Retro Film Review: Rollerball (1975)

in #aaa2 months ago


For most of 20th Century, science fiction films, especially those coming from Hollywood, were usually seen as a sorry excuse for infantile escapism. Today science fiction films are seen as a sorry excuse for display of CGI. In between those two eras there was a brief but glorious period when Hollywood science fiction films tried to be the medium for some important messages about the world and its future. Unsurprisingly, this period corresponds with the era which is today referenced as the last Golden Age of Hollywood. Many classics of science fiction cinema were made then, and one of them is Rollerball, directed in 1975 by Norman Jewison.

The plot of the film, based on the short story by William Harrison, is set in the year 2018. The world is controlled by small number of large corporations that have apparently managed to end wars and poverty. Masses are held in check through drugs and mass media, but the most popular form of entertainment is rollerball - incredibly violent sport in which players can get killed. Rollerball, which happens to satisfy violent impulses of the masses, is immensely popular and the most popular athlete is Jonathan E (played by James Caan), the veteran star of Houston team. Bartholomew (played by John Houseman), powerful executive of the corporation that controls Houston team, thinks that Jonathan became too popular and wants him to announce his retirement. Jonathan feels that his team mates can't survive in the arena without him and rejects Bartholomew's order. When attempts to change Jonathan's mind fail, Bartholomew and people around him take different course of action -they arrange the rules to be changed in order to make the game even more violent and Jonathan more likely to die in the arena.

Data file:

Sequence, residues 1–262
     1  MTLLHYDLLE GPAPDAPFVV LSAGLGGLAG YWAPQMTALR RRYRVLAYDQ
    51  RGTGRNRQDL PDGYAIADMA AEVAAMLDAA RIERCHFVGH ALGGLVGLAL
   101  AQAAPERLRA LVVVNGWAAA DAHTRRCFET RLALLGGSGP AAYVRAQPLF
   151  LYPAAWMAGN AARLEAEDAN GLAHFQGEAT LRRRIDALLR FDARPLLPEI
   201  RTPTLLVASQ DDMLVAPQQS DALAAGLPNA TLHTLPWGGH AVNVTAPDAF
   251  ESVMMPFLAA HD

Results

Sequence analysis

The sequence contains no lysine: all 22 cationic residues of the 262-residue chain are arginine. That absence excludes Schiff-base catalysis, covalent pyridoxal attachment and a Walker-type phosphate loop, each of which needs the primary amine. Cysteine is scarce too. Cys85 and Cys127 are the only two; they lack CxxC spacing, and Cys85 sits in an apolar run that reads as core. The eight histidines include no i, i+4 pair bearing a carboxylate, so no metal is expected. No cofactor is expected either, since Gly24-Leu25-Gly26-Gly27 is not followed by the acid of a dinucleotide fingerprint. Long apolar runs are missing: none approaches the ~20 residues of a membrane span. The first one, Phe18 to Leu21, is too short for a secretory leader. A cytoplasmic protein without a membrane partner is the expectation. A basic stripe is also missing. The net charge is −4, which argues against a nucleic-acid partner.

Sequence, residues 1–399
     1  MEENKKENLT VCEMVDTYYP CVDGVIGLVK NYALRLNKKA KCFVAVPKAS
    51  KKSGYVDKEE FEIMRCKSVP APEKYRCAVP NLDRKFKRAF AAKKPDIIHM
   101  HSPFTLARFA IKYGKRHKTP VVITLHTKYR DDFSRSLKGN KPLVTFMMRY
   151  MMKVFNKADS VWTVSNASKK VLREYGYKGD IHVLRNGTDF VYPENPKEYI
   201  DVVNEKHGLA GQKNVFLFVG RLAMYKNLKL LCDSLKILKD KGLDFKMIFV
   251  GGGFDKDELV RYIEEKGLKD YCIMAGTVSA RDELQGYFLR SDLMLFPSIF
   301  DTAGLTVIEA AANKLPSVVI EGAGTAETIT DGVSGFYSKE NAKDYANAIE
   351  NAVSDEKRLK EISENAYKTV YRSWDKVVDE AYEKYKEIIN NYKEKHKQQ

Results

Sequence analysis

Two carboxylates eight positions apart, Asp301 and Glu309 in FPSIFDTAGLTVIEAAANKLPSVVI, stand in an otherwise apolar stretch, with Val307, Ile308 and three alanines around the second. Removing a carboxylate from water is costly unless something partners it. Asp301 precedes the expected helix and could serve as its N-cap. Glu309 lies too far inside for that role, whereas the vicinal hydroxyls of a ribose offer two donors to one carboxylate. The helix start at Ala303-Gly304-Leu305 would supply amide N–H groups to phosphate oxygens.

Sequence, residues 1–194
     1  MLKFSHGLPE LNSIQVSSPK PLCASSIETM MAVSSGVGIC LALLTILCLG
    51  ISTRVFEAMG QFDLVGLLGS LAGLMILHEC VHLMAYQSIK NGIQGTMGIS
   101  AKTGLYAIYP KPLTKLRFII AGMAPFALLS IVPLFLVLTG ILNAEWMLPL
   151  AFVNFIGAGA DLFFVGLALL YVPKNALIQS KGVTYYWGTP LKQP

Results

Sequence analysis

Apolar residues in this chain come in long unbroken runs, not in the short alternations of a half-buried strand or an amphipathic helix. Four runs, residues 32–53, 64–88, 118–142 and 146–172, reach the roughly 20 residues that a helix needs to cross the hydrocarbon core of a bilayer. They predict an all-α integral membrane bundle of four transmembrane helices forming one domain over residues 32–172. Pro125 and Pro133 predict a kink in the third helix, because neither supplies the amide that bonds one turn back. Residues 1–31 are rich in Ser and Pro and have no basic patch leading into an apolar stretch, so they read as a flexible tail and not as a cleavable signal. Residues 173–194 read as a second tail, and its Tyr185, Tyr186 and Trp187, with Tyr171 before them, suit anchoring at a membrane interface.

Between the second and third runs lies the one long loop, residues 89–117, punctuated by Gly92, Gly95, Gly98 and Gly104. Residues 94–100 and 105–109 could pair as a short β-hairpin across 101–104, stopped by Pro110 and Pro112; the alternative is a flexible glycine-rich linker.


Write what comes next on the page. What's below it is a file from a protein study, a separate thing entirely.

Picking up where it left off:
Most futuristic films don't age well, mostly due to film-makers' lack of imagination and resources to portray brave new worlds realistically. Many futuristic films, regardless of how film-makers try to hide that, are reflections of the time in which they were made. And even worse things can happen to the films when the future they represented becomes present day for contemporary audiences. Rollerball didn't reach that point yet, but it could be argued that at least some elements of the film universe aren't that different from the world we live in.

The very fact that the makers of Rollerball didn't have resources to completely create a brave new world was the film's biggest advantage. Without special effects and immense budgets, Jewison and his team had to use simpler but more effective methods. The very beginning of the film illustrates that point. Instead of trying to speculate about the pop music people of early 21st Century would listen to, film-makers chose to use accompany the film with classic music. This gave Rollerball the element of timelessness.